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The Constant Flow Of Marketing Data Is A False Sense Of Security

We spend a lot of time talking to clients about the data generated by advertising and marketing campaigns. We talk about what they should be measuring, the best ways to measure it and what to do with it once its all collected. More and more we’re hearing a common refrain – “we’re drowning in data.”

The Difference Between Marketing Data and Actionable Information

As marketers, we live in exciting times. More so than ever before we have access to tools that allow us to see not only how often customers are viewing our messaging, but also the actions they’re taking the conversations they’re having thereafter. And it’s not just limited to digital marketing either – the new systems becoming available to connect the dots between traditional advertising and real-world results are increasingly powerful. But as anyone who’s ever looked at a Google Analytics dashboard can tell you, there’s a big difference between marketing data and actionable information.

See, marketing data are things like the number of visitors coming to your website, your email marketing open rates, the paid media impression levels and your sales team’s call volumes. It’s the disparate data points often culled from a myriad of systems and (oh the horror!) paper reports that are typically good at validating the performance of that particular tactic but rarely provide the context required to help you understand what’s happening in relation to your business objectives.

Actionable information, on the other hand, are the insights that allow you to understand the performance of the marketing strategies in relation to your desired business objectives. These are the insights that allow you to draw accurate correlations and make optimizations to improve results. These are things like how many e-commerce sales resulted from that email you sent out last night, how your press announcement impacted customer discussion levels and how your email, search engine optimization, online banner ads and public relations campaigns are working together to increase brand loyalty and inbound calls from prospects.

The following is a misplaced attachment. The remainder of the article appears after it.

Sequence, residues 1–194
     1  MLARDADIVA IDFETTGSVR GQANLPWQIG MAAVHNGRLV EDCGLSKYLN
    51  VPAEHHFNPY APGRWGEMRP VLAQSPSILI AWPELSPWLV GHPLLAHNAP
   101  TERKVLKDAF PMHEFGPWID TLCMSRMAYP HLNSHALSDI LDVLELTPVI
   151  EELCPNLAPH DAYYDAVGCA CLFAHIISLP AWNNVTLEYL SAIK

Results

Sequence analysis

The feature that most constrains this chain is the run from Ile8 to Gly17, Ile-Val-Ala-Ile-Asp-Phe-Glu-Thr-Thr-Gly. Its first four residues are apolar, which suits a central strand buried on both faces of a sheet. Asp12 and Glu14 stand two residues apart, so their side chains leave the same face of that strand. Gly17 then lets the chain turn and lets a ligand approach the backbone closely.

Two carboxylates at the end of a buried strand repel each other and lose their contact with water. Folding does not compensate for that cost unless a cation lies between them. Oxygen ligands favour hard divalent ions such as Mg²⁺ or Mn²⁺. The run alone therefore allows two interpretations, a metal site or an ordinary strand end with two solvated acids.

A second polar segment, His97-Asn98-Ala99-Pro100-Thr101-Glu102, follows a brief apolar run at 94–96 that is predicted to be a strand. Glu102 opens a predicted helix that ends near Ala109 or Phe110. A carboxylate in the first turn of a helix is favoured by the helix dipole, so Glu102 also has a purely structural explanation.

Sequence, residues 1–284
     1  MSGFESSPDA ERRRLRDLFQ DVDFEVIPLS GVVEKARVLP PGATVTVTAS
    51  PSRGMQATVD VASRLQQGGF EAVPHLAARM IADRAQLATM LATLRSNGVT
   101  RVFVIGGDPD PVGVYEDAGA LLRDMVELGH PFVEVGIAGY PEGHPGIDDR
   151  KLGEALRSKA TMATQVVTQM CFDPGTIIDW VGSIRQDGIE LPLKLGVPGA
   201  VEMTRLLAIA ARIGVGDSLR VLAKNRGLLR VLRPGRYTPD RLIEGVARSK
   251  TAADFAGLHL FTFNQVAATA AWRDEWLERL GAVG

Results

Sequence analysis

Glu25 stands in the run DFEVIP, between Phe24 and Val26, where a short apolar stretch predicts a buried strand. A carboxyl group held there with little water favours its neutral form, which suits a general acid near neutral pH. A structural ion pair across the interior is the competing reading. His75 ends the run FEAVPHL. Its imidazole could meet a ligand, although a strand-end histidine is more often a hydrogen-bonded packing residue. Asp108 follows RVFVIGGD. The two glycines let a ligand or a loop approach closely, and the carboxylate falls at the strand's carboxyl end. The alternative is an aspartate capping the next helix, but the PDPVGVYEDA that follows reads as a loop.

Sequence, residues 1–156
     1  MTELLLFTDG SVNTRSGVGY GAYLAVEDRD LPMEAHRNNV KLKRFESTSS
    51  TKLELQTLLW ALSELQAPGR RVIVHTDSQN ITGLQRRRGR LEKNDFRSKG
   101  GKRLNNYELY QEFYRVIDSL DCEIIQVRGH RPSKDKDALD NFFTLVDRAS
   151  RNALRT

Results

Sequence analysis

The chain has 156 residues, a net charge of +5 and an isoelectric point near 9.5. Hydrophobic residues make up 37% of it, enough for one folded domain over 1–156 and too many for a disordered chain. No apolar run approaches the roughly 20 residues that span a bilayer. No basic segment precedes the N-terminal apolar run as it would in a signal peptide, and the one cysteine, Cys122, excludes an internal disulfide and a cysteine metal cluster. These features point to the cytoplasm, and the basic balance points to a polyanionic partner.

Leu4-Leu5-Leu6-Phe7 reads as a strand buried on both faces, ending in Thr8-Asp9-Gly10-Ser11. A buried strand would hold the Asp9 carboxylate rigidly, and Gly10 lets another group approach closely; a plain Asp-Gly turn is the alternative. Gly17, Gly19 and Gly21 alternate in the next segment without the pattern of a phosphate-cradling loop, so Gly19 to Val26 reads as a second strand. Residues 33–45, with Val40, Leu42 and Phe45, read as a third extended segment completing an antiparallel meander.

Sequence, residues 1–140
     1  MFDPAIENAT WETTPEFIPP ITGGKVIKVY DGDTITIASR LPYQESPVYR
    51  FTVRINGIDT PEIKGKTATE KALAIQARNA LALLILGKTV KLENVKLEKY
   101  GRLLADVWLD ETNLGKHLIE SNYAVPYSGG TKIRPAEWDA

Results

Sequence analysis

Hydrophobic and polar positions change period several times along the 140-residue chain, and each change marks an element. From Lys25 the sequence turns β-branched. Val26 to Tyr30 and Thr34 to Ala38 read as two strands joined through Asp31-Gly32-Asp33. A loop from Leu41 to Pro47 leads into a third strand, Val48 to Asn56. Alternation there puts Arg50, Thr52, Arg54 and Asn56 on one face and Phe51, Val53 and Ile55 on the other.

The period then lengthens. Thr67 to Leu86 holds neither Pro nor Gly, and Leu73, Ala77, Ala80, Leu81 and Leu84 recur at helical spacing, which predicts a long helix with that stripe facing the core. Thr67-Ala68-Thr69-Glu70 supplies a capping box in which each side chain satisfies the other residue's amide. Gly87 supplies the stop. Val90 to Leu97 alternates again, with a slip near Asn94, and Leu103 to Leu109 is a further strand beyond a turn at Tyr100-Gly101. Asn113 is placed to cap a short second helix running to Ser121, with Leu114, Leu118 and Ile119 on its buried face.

Unfortunately, collecting data is easy. It’s the actionable information part that’s hard.

Beating Data Paralysis

I had a conversation the other day with the CEO for a fast-growing business based in the Midwest. He has a well-regarded and popular product that sells extremely well online. His number one complaint about his (now former) advertising agency? They loved to give him reams of web analytics, call-center reports and ad flight information; but all he really wanted to know was what strategies were generating sales (so he could invest more money in them) and what strategies weren’t producing the desired results (so he could stop spending money in them).

Moral of the story: beating data paralysis requires good analysis; the type that will empower talented marketers to make smart decisions about creative approach, tactical implementation and resource allocation. So what can you do to lay the groundwork for good analysis?

Focus On The Metrics That Matter Most
You can accomplish a lot, and quickly, by focusing on the key performance indicators that have the most direct impact on your business objectives. For instance, if you’re primarily interested in lowering your customer acquisition costs the number of people visiting your website as the result of an online ad campaign is much less important than the cost per lead resulting from the campaign.

Start With Proper Measurement In Mind
Ever hear the saying, “garbage in, garbage out?” It applies to marketing too. If you want to have a clean and clear understanding of how your campaigns have performed you have to design data collection and analysis in from the beginning. This includes thinking through your data collection methodology, establishing reasonable performance assumptions and structuring the campaigns to insure statistically relevant results.

Develop A Reasonable Attribution Model
Marketing attribution – that is the model outlining the amount of “credit” that each tactic or strategy should receive for the outcome produced – is a complicated topic. However I have a secret for you. In my experience, there’s no such thing as a perfect attribution model. Every one I’ve ever seen is flawed in a different way.

With that said, that doesn’t mean that you shouldn’t have one. Unless you happen to only be doing one marketing or advertising strategy (and really, how many of us often do that?) then you should stay away from last touch attribution models as they over emphasize the importance of the last advertising channel that brings a customer to your storefront. Instead, evaluate multi-channel models that give a proportional amount of credit to the full range of marketing elements that your customer experienced.

Marketing Automation Is Your Friend
Marketing automation is the name given to software platforms that are used to automate repetitive marketing-related tasks that I’m willing to bet you rather not have to do anyway. These can be tasks as simple as emailing out scheduled marketing messages (e.g. iContact, Mailchimp) and managing social media updates (e.g. Hootsuite, CoTweet) to tasks as complex as lead nurturing (e.g. Marketo, Eloqua ) and social media sentiment monitoring (e.g. Radian6, Jive Software). Regardless of the purpose, marketing automation tools will not only help free up time within your organization to focus on distilling actionable insights, but these tools make it easier to collect the data you’ll need to conduct the analysis

Posted in Advertising, Blog, Business, Marketing